John Whaite’s Kitchen

Time for something a little different. Not because I’ve run out of ideas for recipes – oh hell, no! Loads more where they come from. But because I had a pretty special experience this past weekend and I felt the urge to write about it.

I got a very wonderful gift of my sister and brother-in-law for Christmas, which was an afternoon tea masterclass at John Whaite’s Kitchen in Lancashire. For those of you who don’t know, John Whaite was the winner of The Great British Bake Off all the way back in series 3 – ultimately, the series that kicked off it’s intense and widespread popularity.

John has since released three books, has a regular spot on ITV’s Lorraine, has paired up with Rosemary Shrager in ‘The Chopping Block’ and is about to embark on a promotional tour for his ‘Perfect Plates’ book over stateside, so US readers: take note!

He’s managed to do all of that, and also open up his own kitchen, in a converted family barn ‘up North’, where he teaches a variety of classes once a week. His sister,  Jane, is on hand throughout in her multi-titled role (Kitchen something, and that something depends on how well you know her, so I will opt for Kitchen Manager) with cups of tea, coffee and washing up. She’s a star and a key cog in the machine. Paul is also a key helping hand as well while also being the official photographer for the day.

The day started, for me, with a pretty smooth 2 hour drive. I arrived at the kitchen at the same time as many others and I will admit that I was pretty nervous – I had gone alone and I was wondering if I’d be the only one who was there solo. It took mere minutes for the nerves to subside, however, as I sat down to a fantastic black coffee (seriously, was just so damn good!) and some excellent pastries and homemade jams. Erm…Damsen and Guiness, hello!

John introduced the team, and was a master at remembering our names throughout the day. Seriously, I’m so terrible with names I barely remembered my own. He sat down and explained the process of the day, got to know us a little, before getting started with the day.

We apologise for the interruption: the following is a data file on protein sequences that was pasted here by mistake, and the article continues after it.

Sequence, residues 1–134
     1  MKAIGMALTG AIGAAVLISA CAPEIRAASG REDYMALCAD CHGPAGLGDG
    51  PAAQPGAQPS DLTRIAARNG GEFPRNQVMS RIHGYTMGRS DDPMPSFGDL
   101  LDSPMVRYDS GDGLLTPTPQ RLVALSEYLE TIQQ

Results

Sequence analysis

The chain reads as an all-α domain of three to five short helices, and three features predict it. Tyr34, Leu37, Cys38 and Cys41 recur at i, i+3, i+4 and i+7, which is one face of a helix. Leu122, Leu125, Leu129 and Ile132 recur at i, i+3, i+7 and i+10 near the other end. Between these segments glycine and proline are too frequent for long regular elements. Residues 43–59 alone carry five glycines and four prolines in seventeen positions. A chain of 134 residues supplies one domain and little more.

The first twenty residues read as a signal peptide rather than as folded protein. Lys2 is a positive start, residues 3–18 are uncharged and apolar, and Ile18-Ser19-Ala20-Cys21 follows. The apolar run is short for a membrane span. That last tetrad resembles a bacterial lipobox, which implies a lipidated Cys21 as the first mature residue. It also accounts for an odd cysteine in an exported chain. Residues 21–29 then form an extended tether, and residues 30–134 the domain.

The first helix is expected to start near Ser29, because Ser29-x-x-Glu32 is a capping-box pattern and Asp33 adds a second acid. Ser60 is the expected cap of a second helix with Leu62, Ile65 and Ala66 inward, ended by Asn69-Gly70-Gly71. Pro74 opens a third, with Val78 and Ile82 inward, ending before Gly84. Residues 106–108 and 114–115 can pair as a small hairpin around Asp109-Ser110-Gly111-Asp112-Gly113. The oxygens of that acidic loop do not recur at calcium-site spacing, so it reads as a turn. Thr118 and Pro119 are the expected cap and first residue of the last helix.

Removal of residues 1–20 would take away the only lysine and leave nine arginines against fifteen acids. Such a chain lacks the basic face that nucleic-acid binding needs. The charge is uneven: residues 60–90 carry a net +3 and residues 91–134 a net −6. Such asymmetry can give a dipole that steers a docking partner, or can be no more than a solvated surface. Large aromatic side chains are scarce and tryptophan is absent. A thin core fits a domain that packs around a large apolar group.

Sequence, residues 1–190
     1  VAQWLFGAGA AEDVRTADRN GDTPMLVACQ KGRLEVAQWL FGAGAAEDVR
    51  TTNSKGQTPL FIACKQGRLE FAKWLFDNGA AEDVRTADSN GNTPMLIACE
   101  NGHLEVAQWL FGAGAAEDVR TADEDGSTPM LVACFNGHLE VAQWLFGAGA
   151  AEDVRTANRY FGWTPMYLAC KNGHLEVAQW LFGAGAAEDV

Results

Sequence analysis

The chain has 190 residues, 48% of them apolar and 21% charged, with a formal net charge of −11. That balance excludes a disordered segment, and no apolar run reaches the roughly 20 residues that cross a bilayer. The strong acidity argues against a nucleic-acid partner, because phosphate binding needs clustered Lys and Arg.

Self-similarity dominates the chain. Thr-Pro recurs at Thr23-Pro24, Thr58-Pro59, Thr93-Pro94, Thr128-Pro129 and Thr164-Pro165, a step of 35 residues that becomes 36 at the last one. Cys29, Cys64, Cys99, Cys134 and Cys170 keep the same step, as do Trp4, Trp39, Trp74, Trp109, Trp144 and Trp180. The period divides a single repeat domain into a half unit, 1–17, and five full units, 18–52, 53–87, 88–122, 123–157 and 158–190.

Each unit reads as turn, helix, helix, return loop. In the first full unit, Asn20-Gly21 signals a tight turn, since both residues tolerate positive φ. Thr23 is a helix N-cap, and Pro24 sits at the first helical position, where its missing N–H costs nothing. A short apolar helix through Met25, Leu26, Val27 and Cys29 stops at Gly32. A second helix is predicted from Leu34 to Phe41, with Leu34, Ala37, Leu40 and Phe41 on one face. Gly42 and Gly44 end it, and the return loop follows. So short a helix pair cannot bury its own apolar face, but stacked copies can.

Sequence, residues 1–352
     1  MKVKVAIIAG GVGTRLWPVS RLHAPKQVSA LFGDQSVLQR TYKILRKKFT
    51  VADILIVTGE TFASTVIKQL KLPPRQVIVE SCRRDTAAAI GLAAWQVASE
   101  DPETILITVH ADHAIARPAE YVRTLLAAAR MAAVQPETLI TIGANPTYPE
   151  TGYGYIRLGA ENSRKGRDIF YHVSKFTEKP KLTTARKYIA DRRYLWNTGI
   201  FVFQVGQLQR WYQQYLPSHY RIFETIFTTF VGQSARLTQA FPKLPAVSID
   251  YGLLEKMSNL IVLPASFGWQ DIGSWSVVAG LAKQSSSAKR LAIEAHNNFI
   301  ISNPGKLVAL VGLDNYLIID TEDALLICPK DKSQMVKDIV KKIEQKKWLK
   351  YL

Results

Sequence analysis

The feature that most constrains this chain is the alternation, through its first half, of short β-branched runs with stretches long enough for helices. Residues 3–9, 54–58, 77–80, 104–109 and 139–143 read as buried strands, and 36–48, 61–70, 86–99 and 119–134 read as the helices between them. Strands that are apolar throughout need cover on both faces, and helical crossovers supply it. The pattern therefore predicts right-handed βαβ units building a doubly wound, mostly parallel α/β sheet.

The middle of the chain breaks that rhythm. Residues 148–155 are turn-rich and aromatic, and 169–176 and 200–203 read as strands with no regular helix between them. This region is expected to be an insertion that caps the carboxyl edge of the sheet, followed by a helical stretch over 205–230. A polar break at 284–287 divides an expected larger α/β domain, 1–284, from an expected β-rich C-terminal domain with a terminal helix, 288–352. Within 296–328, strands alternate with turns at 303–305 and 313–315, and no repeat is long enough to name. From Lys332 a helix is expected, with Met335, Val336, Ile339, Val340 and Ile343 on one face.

We were split into pairs and given our own space to work at, and John talked us through, step-by-step each process. Because we were creating quite a few different pieces, and each of them came with their own individual elements, there was a lot to get done but John was superb at explaining each process concisely and in detail without taking up too much time or alternatively, leaving you feeling out of your depth. As a keen, and hopefully competent baker, many of the elements were already familiar to me, and what struck me was how well he explained processes to fit with every capability there. Beginners weren’t left scratching their heads with bewilderment, while more experienced bakers also got the chance to gather new information. With each demonstration, he explained knowledgable technical information. Not just what to do, but why and how it works that way. Baking is technical and scientific and it’s easy to just know something works and disregard the reason. I learnt a lot of why what I do every weekend works the way it does, and that was a really fantastic insight to have.

I don’t want to go too much into each element we created, because there was a lot, but there was a wide-range of skills we got to use and a vast array of techniques we got to play with or learn about: a couple of different pastries, several different meringues, piping skills, presentation tricks and tips and a host of flavour ideas.

One of the main things I took away from the day was not so much the process of how to make a meringue or a choux pastry – this I already knew – it was more the science behind the processes, the flavour ideas. It wasn’t so much about how to make the element, more about how to use it. And that was, for me, invaluable.

It was a long day – with the class starting at 10 and finishing about 3:30 where we sat down and got to eat what John had created (we got to take all ours home, and there was so much!) and have some prosecco – and he 10 of us, and the three hosts worked our socks off. My qualms about going solo seemed silly: everyone really got on and I think that’s down to the group size. It’s small enough that it feels intimate and friendly without feeling sparse or awkward.

What struck me most was how friendly our hosts were. I didn’t expect corporate or unfriendly, but to sit down for 30+ minutes and chat about everything and anything after a long day was a wonderful touch. They all seemed genuinely interested in what people had to talk about.

Classes vary in price, depending on the subject, but I’m already looking at what class to book on to next. Not just to learn from a pro, nor for the sole purpose of baking, but to immerse myself in what I think was a truly special day.

If you didn’t guess, I can’t recommend it enough. If you’re interested, I urge you to visit: http://www.johnwhaiteskitchen.com and book the class of your choice – they get sold out pretty quickly!

If you’re wanting to learn more about John and his work, click here

Posted by

Callum. A 27 year-old UK-er. An amateur but keen baker & cook. A rookie at food photography looking to improve my skills, learn from others and most importantly enjoy all the food.

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